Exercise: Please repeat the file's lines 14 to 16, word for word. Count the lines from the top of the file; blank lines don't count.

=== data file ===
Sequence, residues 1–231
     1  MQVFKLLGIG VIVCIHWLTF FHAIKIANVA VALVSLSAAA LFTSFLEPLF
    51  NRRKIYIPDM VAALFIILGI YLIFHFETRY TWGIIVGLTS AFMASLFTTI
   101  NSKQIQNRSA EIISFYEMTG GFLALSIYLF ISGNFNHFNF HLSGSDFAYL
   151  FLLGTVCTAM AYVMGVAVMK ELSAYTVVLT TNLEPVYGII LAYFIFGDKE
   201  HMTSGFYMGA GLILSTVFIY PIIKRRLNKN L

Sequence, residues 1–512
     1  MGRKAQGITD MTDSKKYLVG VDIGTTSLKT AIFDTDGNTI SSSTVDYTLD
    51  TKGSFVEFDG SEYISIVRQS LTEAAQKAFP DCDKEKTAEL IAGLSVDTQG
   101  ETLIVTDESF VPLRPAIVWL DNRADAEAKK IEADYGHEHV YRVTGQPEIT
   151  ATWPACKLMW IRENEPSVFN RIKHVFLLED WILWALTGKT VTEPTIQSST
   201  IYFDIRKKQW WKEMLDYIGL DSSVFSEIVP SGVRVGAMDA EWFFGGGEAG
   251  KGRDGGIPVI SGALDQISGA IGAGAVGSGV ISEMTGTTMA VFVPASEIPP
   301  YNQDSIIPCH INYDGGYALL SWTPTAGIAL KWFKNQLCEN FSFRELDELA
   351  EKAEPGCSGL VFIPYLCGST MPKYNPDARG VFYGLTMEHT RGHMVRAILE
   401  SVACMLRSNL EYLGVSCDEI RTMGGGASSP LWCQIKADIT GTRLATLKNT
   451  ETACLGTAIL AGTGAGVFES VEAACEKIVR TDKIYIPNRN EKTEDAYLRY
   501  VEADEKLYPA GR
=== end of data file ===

   301  YNQDSIIPCH INYDGGYALL SWTPTAGIAL KWFKNQLCEN FSFRELDELA
   351  EKAEPGCSGL VFIPYLCGST MPKYNPDARG VFYGLTMEHT RGHMVRAILE
   401  SVACMLRSNL EYLGVSCDEI RTMGGGASSP LWCQIKADIT GTRLATLKNT